Tuesday, June 28, 2011


From time to time a friend or neighbor who knows we go to dog shows will ask, "Been to any competitions lately?  Note that the person didn't say, "Been to any exhibitions lately? They may not have a clue what we do when we get there, but they have the concept.  Why doesn't the American Kennel Club?  Why don't most of the rest of us?

We participate in competition obedience, not exhibition obedience.

Let's pause here and consult "Webster's Dictionary of the English Language."

exhibit 1. to display something, especially a work of art, in a public place such as a museum or gallery  2. to show something off for others to look at or admire

exhibitor  somebody who exhibits something, especially somebody whose artistic work is exhibited

compete  to try to win or do better than others

competition 1.  the process of trying to win or do better than others  2.  an activity in which people try to win something or do better than others

competitor  a person, animal or group taking part in a competition

OK, compare:  exhibit with compete, exhibitor with competitor.  Pretty clear isn't it?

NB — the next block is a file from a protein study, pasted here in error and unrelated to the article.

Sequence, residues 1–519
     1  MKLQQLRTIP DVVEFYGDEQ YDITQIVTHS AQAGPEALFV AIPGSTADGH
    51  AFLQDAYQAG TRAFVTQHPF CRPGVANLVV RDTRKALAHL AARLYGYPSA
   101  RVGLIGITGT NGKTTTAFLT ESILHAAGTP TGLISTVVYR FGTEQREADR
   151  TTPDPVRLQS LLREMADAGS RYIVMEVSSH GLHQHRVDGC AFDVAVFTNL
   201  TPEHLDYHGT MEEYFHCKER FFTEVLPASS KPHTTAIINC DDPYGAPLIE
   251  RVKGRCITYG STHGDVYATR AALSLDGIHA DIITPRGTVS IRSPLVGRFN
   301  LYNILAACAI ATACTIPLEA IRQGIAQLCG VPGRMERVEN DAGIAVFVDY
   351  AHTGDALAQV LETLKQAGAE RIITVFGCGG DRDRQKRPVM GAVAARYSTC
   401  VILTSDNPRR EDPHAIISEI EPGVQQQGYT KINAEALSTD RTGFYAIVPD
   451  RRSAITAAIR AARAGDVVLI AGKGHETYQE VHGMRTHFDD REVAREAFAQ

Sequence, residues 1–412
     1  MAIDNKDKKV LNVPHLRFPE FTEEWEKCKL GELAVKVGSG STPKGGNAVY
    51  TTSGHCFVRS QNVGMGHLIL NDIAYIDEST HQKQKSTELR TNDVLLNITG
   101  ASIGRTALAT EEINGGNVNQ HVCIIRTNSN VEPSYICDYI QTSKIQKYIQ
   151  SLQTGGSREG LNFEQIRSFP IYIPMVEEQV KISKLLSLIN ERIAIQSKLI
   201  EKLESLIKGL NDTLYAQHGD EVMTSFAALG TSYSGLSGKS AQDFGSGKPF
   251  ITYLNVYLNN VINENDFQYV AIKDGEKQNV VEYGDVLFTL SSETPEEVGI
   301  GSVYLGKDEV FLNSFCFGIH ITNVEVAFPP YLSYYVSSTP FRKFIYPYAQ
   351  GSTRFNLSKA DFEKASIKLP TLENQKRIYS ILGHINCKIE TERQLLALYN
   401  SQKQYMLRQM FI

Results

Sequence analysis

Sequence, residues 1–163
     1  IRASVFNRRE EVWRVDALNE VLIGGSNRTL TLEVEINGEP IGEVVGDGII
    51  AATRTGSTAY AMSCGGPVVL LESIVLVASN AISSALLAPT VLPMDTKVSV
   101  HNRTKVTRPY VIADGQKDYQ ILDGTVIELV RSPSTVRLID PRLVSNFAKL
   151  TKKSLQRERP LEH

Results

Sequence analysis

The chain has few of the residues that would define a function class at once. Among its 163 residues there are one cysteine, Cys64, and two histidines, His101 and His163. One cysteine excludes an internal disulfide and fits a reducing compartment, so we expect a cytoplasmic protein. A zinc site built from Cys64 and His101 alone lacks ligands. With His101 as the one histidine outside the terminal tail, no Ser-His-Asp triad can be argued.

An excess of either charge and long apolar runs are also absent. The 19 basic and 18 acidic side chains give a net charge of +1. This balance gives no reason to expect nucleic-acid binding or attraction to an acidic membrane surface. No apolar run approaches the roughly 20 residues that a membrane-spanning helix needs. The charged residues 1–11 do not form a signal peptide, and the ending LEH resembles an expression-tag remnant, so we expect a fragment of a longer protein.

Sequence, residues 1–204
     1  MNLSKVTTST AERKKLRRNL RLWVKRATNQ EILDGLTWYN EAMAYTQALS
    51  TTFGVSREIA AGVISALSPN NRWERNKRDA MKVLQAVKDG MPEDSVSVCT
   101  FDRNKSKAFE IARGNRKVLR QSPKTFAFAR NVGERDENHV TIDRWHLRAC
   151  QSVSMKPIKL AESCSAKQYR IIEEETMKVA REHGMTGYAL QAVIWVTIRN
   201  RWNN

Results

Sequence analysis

Around here, just about every time I walk into an Open B or Utility B ring ( and not in a museum or gallery) I lock horns with Dick Guetzloff.  And if , in a few days, I were entered in the border collie specialty in Ventura, California (I'm not), I'd have to (try to) survive encounters with the likes of Betty Cunningham, Louise Meredith, Flo Walberg, and Catherine Zinsky. (That's called piling on.)

Folks what's going on in those rings ain't no exhibitions.  And we ain't no exhibitors.  We're competitors.  I contend that the same holds true for those who are entered in rally and agility.

I can swallow "exhibitor" for those showing in conformation. They are, after all, displaying their dogs as fine examples of the breed -- living, breathing, stacking, gaiting works of art.  But for those of us in competition obedience, no!  We're competitors, not exhibitors.

Oh, and one more thing.  This business of  "the fancy."  Webster shows that usage of fancy seventh and dead last.

fancy enthusiasts of a sport or pastime, especially boxing  (archaic)

If I am to take myself seriously as a member of the fancy, I feel the need to dress appropriately.  Anyone know where I can get a 1930s outfit?


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